NFL's Shareece Wright takes 8-hour Uber drive to practice

The NFL cornerback makes the unusual decision to use the ride-hailing service to attend a voluntary organized team activity.

Abrar Al-Heeti Technology Reporter
Abrar Al-Heeti is a technology reporter for CNET, with an interest in phones, streaming, internet trends, entertainment, pop culture and digital accessibility. She's also worked for CNET's video, culture and news teams. She graduated with bachelor's and master's degrees in journalism from the University of Illinois at Urbana-Champaign. Though Illinois is home, she now loves San Francisco -- steep inclines and all.
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Abrar Al-Heeti
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Uber Accepting Debit Card Payments in Brazil

A $632.08 fare and $300 tip for eight hours work ain't too bad.

Brazil Photo Press/CON

Uber is a common choice for people who need to get from point A to point B. It's fast and convenient, though often impersonal. Who hasn't fiddled with a phone in the backseat while being schlepped to the airport?

That wasn't the experience Shareece Wright had when the NFL player got to know driver Hadi Abdollahian on an epic eight-hour, five-state trek from Chicago to Buffalo.  

The road trip started on Sunday when Wright, a cornerback who recently signed with the Bills, worried he wouldn't make it to Buffalo in time for the team's 8 a.m. practice after his flight was cancelled. Wright opted for Uber after Tamerat Berhe, Wright's agent, couldn't find a flight that would get the rookie to the facility on time.

"It was really just a time issue," Berhe said.

The lighthearted story is a counter to serious issues dogging Uber, which has become the poster child for Silicon Valley's race and gender problems. Uber has also grappled with a reputation for a toxic culture and aggressive practices.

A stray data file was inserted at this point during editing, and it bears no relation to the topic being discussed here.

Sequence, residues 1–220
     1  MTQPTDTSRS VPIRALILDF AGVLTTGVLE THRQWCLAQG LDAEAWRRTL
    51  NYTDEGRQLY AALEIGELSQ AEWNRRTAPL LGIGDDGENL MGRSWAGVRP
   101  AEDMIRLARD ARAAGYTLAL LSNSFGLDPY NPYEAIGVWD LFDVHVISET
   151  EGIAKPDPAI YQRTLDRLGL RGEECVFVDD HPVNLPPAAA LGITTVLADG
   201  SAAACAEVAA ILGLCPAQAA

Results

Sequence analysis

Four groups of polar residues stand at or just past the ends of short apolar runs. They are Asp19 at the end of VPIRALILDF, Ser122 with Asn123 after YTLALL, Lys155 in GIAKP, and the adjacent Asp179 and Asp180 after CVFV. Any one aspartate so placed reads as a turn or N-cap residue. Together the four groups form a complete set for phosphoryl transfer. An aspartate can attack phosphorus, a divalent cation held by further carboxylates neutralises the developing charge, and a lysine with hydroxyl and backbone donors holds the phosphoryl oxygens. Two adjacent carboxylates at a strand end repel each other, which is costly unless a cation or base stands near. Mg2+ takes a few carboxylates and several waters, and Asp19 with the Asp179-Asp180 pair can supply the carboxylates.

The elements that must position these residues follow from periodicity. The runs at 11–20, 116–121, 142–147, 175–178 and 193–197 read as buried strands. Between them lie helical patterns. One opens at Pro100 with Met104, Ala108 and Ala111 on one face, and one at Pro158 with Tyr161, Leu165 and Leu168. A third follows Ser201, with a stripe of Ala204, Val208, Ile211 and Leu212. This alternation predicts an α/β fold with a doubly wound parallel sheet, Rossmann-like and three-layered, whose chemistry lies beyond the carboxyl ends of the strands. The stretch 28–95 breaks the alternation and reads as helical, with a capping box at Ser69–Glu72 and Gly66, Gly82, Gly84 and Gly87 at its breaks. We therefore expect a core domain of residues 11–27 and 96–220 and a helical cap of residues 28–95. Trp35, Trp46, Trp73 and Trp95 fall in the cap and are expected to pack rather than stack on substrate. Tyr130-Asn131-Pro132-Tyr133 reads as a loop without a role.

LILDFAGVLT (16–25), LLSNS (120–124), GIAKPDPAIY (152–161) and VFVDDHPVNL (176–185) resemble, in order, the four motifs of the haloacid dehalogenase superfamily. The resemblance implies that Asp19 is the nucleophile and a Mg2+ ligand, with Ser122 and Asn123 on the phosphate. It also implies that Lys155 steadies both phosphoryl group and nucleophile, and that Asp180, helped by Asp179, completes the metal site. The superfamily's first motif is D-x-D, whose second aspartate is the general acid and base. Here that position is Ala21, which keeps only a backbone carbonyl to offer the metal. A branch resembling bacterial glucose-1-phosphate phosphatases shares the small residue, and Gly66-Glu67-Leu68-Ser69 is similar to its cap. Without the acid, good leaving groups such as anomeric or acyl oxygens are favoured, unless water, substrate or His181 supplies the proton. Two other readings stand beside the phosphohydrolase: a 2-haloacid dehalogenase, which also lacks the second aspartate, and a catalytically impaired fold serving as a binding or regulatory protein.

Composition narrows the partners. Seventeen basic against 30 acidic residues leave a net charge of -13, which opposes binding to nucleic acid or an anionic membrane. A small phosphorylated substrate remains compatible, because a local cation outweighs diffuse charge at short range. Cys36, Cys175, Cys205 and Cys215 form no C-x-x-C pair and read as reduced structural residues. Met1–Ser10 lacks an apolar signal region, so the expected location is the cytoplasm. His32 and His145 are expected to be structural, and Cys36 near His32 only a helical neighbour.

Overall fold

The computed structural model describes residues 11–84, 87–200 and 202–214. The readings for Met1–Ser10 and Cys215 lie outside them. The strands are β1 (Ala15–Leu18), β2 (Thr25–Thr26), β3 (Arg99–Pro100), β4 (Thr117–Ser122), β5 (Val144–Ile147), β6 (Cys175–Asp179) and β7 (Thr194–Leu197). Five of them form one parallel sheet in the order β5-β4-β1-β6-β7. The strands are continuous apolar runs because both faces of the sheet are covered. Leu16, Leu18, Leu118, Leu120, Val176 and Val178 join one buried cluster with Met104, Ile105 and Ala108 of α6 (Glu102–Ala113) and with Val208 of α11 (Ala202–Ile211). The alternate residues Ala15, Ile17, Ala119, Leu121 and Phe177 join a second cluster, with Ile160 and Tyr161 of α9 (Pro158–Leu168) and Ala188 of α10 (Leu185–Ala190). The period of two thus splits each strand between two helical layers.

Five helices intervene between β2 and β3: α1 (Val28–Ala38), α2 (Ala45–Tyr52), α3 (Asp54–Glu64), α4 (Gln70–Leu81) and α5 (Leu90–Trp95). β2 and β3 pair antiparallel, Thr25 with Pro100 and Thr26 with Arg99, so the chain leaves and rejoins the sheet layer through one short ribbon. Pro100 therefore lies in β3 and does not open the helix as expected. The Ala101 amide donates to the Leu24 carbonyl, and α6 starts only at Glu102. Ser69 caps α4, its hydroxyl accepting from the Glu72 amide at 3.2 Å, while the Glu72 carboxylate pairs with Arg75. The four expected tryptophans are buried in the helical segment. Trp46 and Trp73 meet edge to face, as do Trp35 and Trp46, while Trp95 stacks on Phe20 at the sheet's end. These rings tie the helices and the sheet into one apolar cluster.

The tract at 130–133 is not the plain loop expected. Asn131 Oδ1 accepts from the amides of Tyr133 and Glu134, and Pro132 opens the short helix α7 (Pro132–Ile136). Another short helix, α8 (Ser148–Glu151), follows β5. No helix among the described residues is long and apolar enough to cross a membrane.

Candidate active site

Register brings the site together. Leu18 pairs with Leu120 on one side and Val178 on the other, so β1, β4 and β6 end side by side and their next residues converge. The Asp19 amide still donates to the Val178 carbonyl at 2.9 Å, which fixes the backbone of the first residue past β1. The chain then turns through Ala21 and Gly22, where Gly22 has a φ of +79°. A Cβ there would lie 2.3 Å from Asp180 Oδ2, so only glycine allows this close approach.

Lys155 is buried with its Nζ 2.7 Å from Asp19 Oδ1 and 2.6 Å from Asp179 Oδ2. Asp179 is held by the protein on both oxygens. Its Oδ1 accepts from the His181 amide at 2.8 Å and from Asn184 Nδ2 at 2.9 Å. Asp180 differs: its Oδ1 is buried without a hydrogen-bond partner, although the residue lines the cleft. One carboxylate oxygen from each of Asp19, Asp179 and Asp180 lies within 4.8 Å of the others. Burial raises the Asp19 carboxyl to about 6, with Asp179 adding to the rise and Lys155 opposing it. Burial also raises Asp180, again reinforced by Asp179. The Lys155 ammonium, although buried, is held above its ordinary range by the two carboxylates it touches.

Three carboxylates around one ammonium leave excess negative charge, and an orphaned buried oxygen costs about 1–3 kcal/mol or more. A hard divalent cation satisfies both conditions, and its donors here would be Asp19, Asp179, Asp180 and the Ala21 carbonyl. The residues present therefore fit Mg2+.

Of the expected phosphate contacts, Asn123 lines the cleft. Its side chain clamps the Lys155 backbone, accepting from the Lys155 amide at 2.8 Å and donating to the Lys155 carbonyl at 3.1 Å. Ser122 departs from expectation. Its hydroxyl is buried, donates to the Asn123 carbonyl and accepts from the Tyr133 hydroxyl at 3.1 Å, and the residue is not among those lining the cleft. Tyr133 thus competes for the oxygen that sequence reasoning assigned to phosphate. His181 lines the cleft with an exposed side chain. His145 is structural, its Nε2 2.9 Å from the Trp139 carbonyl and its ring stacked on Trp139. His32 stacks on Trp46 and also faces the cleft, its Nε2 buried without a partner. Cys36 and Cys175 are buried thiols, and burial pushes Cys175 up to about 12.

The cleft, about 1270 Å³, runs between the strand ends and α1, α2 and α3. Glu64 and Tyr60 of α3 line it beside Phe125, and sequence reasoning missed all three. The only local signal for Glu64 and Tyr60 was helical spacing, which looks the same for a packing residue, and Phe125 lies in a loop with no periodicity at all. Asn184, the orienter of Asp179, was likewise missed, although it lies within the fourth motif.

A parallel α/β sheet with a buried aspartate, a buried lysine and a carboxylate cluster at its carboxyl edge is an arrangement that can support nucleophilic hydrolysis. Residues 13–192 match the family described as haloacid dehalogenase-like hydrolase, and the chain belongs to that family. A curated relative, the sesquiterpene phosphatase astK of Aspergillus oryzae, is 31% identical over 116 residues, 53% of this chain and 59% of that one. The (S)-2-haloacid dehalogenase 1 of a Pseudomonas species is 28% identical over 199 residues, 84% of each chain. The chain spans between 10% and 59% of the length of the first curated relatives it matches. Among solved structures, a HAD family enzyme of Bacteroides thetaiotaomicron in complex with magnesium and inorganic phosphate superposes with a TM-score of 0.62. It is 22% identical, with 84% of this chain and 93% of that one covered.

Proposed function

Abdollahian says he and Wright got to know each other well during the ride, swapping stories about their families. Abdollahian told Wright that he was a refugee from Turkey and drove for Uber to cover his college costs. He didn't know who Wright was before the ride, which made for a more natural conversation.

Wright requested an Uber at around 10 p.m. CT, asking for ride to Buffalo. Abdollahian mistakenly thought he meant to the nearby suburb of Buffalo Grove. As they started the trip, however, Abdollahian soon realized Wright wanted to go 550 miles east.

"I'm a man of my word,"Abdollahian said. "I promised him."

Abdollahian wasn't the first driver Wright had reached out to. Berhe said Wright had requested rides from other Uber drivers, but they all cancelled, presumably because of the distance involved.

Wright was headed to an organized team activity, which isn't mandatory. But the defensive end, who played at USC, is a "very committed guy," Behre said, adding the player didn't want to drive himself because he was worried he'd fall asleep. "He just figures that he has to lead by example."

Wright gave Abdollahian a five-star rating and a $300 tip on top of the $632.08 fare.

But what was perhaps most valuable was the interaction itself. 

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